contributor at third base. At best, he breaks out like his brother did
after 800 major league at-bats and becomes a similar offensive player at a more
premium defensive position.
Ryan Doumit is not without his faults. He doesn't walk enough, he gets
injured too often, and he is only average behind the dish. But when
healthy, this guy can rake with all but the elite catchers in baseball.
Moreover, he hasn't logged many innings behind the plate, which bodes well for
how he will hit after the age of 30. He is signed through 2012 with a club
option for 2013. First-rounder Tony Sanchez figures to be ready before
then, but Doumit's ability to play first base and outfield makes the idea of
having both players on the roster tenable.
Fold'em: Lastings Milledge, Garrett Jones, Paul Maholm, Zach Duke
Turns 29 in June and has a .312 OBP in over a thousand minor league games
Hit .346 in September after injuries plagued him during the summer
You might ask why the Pirates' best hitter from last season should be traded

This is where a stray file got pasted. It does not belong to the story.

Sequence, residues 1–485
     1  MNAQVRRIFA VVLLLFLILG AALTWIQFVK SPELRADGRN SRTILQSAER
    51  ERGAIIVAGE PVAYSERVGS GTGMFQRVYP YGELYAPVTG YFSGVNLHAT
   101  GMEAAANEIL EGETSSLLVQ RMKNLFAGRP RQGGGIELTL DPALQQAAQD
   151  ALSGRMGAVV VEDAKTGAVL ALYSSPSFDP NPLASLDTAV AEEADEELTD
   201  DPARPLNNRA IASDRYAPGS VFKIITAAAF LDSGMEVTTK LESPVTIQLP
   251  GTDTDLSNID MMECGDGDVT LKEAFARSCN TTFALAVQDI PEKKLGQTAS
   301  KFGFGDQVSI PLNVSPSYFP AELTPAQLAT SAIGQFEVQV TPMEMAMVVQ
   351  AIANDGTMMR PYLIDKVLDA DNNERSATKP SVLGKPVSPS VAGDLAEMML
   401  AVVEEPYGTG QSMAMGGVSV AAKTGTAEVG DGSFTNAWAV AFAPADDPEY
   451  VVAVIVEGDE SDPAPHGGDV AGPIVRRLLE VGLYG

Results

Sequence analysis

away. Basically, he is a standard Pirates star: way older than you think
he is and not particularly successful in the minor leagues. His success
will be fleeting, so the Bucs should deal him at peak value. Lastings
Milledge hit an empty .291 last year, and the Pirates will want to consider trading him
in before he reminds people of his former behavioral problems, even though he only
turns 25 in April.
You might also ask why the Pirates should rid themselves of Maholm and Duke
but keep Ohlendorf, when all three appear to be mediocre pitch-to-contact